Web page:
Lancashire council leader accused of halal meat 'crusade'
Councillors in Lancashire are to vote on whether to stop supplying unstunned halal meat for school dinners.
Council leader Geoff Driver said he believed it was "abhorrent" and "really, really cruel" to slaughter animals without stunning them first.
Lancashire Council of Mosques (LCM) has accused Mr Driver of leading a "crusade" on the issue, a claim which he denies.
A full council vote will take place on 26 October.
Unstunned halal meat is currently supplied to 12,000 pupils at 27 schools in Blackburn, Nelson, Burnley, Rawtenstall, Hyndburn, Clitheroe and Preston.
Mr Driver said he believed the religious practice of slaughtering animals when alive and conscious "causes them too much distress".
However, he said it would be "unreasonable" for cabinet to make the decision without referring the issue to full council, saying: "This is a matter of personal conscience."
Chair of LCM Abdul Qureshi said any decision to ban unstunned halal meat would "create a huge difficulty".
"People will pull out of school meals and people who should eat properly will be deprived of that. For us it's a matter of faith. For Geoff Driver it is his feelings," he added.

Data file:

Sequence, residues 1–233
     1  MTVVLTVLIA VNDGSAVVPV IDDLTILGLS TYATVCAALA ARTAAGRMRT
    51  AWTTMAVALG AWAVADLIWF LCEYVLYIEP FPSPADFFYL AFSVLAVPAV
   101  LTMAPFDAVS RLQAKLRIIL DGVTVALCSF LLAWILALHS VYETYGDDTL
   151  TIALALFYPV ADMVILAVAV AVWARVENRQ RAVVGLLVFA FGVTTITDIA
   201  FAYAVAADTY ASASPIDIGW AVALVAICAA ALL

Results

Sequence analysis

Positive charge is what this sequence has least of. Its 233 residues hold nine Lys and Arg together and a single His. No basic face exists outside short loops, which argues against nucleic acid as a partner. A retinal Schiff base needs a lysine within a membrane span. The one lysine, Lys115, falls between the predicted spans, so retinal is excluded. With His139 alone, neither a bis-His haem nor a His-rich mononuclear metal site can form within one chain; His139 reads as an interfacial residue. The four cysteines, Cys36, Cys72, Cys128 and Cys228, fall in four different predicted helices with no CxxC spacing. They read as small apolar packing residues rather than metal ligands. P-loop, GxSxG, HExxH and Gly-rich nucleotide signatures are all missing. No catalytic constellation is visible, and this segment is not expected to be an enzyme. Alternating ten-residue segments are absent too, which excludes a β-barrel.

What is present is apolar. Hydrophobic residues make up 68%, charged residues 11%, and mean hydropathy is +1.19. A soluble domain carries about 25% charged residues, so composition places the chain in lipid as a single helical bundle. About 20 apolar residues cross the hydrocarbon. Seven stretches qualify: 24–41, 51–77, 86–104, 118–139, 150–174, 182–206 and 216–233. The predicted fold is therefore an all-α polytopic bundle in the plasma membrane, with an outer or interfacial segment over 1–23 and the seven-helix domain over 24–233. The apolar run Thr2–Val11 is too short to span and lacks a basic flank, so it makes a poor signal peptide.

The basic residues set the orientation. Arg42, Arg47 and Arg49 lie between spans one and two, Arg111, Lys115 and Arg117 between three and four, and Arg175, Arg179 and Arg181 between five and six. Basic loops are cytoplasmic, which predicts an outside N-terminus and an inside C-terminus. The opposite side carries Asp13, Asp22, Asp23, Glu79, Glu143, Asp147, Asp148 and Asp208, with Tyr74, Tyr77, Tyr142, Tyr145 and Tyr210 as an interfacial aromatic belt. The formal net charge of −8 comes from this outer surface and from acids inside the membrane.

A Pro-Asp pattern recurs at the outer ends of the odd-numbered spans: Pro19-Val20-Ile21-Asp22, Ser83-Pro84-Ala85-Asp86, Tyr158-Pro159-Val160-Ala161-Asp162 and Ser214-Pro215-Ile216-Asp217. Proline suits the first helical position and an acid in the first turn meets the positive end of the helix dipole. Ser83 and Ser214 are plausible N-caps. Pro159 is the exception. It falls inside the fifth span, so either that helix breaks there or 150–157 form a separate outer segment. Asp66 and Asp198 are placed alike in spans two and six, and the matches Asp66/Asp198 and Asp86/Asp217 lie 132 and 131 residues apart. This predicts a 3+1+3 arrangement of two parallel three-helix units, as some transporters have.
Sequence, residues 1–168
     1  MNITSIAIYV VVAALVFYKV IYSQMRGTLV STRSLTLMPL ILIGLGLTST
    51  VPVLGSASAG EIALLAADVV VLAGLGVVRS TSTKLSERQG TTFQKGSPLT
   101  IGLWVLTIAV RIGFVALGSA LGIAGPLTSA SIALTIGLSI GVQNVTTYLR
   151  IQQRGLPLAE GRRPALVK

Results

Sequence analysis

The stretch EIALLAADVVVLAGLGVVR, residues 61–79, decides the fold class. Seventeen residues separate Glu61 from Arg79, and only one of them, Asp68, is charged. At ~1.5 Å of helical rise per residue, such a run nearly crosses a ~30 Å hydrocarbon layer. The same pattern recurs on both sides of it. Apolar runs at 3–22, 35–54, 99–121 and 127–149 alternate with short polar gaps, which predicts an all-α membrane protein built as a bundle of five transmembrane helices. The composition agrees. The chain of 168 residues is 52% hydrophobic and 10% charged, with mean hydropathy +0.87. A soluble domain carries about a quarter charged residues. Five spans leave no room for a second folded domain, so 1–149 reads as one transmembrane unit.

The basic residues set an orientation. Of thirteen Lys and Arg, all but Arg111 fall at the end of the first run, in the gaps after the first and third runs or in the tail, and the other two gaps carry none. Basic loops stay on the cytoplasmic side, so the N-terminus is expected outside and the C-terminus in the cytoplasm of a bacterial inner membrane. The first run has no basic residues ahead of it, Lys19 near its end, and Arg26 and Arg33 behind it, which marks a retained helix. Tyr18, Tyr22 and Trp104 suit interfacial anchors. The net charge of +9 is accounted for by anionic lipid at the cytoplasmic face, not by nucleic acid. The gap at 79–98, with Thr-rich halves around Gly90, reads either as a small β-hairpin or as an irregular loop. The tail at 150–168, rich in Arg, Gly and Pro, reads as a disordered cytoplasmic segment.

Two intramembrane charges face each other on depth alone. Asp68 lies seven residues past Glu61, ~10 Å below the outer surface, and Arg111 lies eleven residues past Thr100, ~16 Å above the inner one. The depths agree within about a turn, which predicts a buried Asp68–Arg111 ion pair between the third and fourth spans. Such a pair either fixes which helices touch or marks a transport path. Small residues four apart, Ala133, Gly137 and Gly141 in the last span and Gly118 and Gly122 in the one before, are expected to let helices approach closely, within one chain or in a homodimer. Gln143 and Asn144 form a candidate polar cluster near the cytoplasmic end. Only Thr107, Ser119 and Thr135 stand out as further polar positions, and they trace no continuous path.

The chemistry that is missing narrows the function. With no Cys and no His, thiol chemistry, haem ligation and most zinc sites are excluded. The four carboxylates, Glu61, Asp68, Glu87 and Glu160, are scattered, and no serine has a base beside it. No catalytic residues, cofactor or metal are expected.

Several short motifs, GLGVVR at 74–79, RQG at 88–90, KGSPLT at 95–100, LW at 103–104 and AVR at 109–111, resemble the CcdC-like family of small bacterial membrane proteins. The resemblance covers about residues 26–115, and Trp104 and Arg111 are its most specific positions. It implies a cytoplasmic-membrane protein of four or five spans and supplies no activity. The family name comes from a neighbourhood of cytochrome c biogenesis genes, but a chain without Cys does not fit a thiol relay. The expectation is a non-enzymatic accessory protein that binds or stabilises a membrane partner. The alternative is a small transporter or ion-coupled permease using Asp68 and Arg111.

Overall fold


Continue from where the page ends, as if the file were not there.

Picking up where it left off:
What is halal meat?
Halal is Arabic for permissible. Halal food is that which adheres to Islamic law, as defined in the Koran.
The Islamic form of slaughtering animals or poultry, dhabiha, involves killing through a cut to the jugular vein, carotid artery and windpipe.
Animals must be alive and healthy at the time of slaughter and all blood is drained from the carcass. During the process, a dedication is recited, know as tasmiya or shahada.
There is debate about elements of halal, such as whether stunning is allowed.
Stunning cannot be used to kill an animal, according to the Halal Food Authority (HFA), a non-profit organisation that monitors adherence to halal principles.
But it can be used if the animal survives and is then killed by halal methods, the HFA adds.
Mr Driver, who was previously in charge until 2013, became Lancashire County Council leader again in May.
During his previous leadership, concerns were raised about the halal "criteria" of meat provided by school suppliers at the time.
A Halal Meat Supplies Task Group was set up and reported its findings in December 2013, "ultimately resolving that the County Council should be recommended to accept both stunned and non-stunned meat."
Mr Qureshi said "criteria" were agreed upon after "huge intense discussions" with Lancashire's Islamic scholars.
He explained: "There was the option given to the schools; stunned and non-stunned...[Since then] everything is running calm and smoothly and there is no problem, but here Geoff Driver comes back on the seat...and [because of] his intense feeling, has brought it up again."
Mr Driver rejected claims of a "crusade".
"I am not the only one who has such strong views...if it was a crusade I could have made the decision in cabinet yesterday."